UCI’s history of environmental stewardship dates back to the Nobel Prize-winning research by chemistry professor F. Sherwood Rowland into the depletion of the ozone layer almost five decades ago. This work led to the development and growth of UCI’s campus culture of eco-friendly practices, groundbreaking sustainability research and remarkable green accomplishments that has put the university at the forefront of American higher education. For this, UCI has twice won California’s top environmental honor, the Governor’s Environmental and Economic Leadership Award, in 2008 and 2013.
“I am so pleased that once again Sierra magazine has recognized UCI as the nation’s No. 2 ‘Cool School’ for our leadership and achievements in this important area,” said Chancellor Howard Gillman. “Across our campus, in virtually every academic discipline, our students, staff and faculty are actively pursuing the effective stewardship of the world we all live in.”
UCI topped the “Cool Schools” list in 2014, 2015, 2018 and 2020 on the strength of its curricula, research, campus operations and public engagement.
“The Sierra ‘Cool Schools’ rankings are respected as the most rigorous measure of an institution’s commitment to environmental and energy research, climate solutions, and the full array of environmental stewardship metrics,” said Wendell Brase, associate chancellor for sustainability at UCI. “But a high Sierra ranking is simply not possible without the engagement of the entire faculty, student body and campus leadership. UCI is also dedicated to researching, producing and demonstrating tangible energy decarbonization technologies that are scalable and extensible across California and globally.”
Advancing green transportation
UCI is one of the top U.S. universities for advancing sustainable transportation research and practices.
On July 9, U.S. Secretary of Labor Marty Walsh came to UCI to meet with Gillman, other campus leaders and University of California dignitaries to learn more about the workforce implications of developing a more sustainable transportation infrastructure, including a nationwide network of electric vehicle charging stations, a key component of proposed legislation currently being negotiated in Congress.
Walsh was shown an array of UCI sustainable transportation assets, including electric vehicle charging facilities in parking lot 70; a fully electric passenger bus, part of the university’s zero-emissions public transportation fleet; a pickup truck equipped with a mobile rapid-charging system; and a collection of electric vehicles, including a zero-emissions cargo/work truck that operates on campus.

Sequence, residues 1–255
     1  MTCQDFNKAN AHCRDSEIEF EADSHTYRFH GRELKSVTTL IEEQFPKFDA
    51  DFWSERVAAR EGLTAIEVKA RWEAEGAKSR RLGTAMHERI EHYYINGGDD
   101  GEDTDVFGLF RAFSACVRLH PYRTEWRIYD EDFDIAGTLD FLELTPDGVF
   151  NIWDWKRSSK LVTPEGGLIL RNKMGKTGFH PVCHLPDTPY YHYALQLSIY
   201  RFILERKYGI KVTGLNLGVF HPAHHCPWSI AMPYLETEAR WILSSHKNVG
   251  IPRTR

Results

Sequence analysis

Scott Samuelsen, founding director of UCI’s Advanced Power and Energy Program, and Jack Brouwer, current APEP director and head of the campus’s National Fuel Cell Research Center, discussed a variety of UCI research projects with the goal of decarbonizing transportation in the U.S.
Previously, UCI was recognized by the 2020 Green Fleet Awards as having the 10th-greenest fleet in the nation, making it the highest-ranked university on the list. It also won the Best University or College Fleet Merit Award for its reduction in fuel consumption and use of electrified student transportation. In 2018, UCI became the first university in the country to abandon its traditional, diesel fuel-powered buses and shift to completely sustainable transportation with a fleet of 20 all-electric shuttle buses and a hydrogen fuel cell bus that transport students throughout campus.
Among the university’s other sustainability achievements:
- UCI has constructed 21 LEED Platinum-certified buildings, the most for new construction of any U.S. university.
- UCI created a successful Pump2Plug program in which 350-plus participants have switched to electric vehicles, and the campus boasts almost 200 EV charging stations.
- In February, UCI became part of Bee Campus USA, thanks to a fully student-led effort. And in the spring, UCI students also established an Environmental Justice Collective, creating a virtual space to discuss ways of aligning sustainability and social justice issues.
- Throughout the COVID-19 pandemic, UCI managed to maintain a waste diversion rate of 80 percent (the same as before the pandemic), thanks to education initiatives and advanced sorting measures.
The official publication of the Sierra Club, Sierra magazine initiated the college sustainability rankings in 2007 because – as the biggest purchasers and employers in many communities – universities can create demand for green services and products and lead by example.
About the University of California, Irvine: Founded in 1965, UCI is the youngest member of the prestigious Association of American Universities and is ranked among the nation’s top 10 public universities by U.S. News & World Report. The campus has produced three Nobel laureates and is known for its academic achievement, premier research, innovation and anteater mascot. Led by Chancellor Howard Gillman, UCI has more than 36,000 students and offers 224 degree programs. It’s located in one of the world’s safest and most economically vibrant communities and is Orange County’s second-largest employer, contributing $7 billion annually to the local economy and $8 billion statewide. For more on UCI, visit www.uci.edu.
Media access: Radio programs/stations may, for a fee, use an on-campus ISDN line to interview UCI faculty and experts, subject to availability and university approval. For more UCI news, visit news.uci.edu. Additional resources for journalists may be found at communications.uci.edu/for-journalists.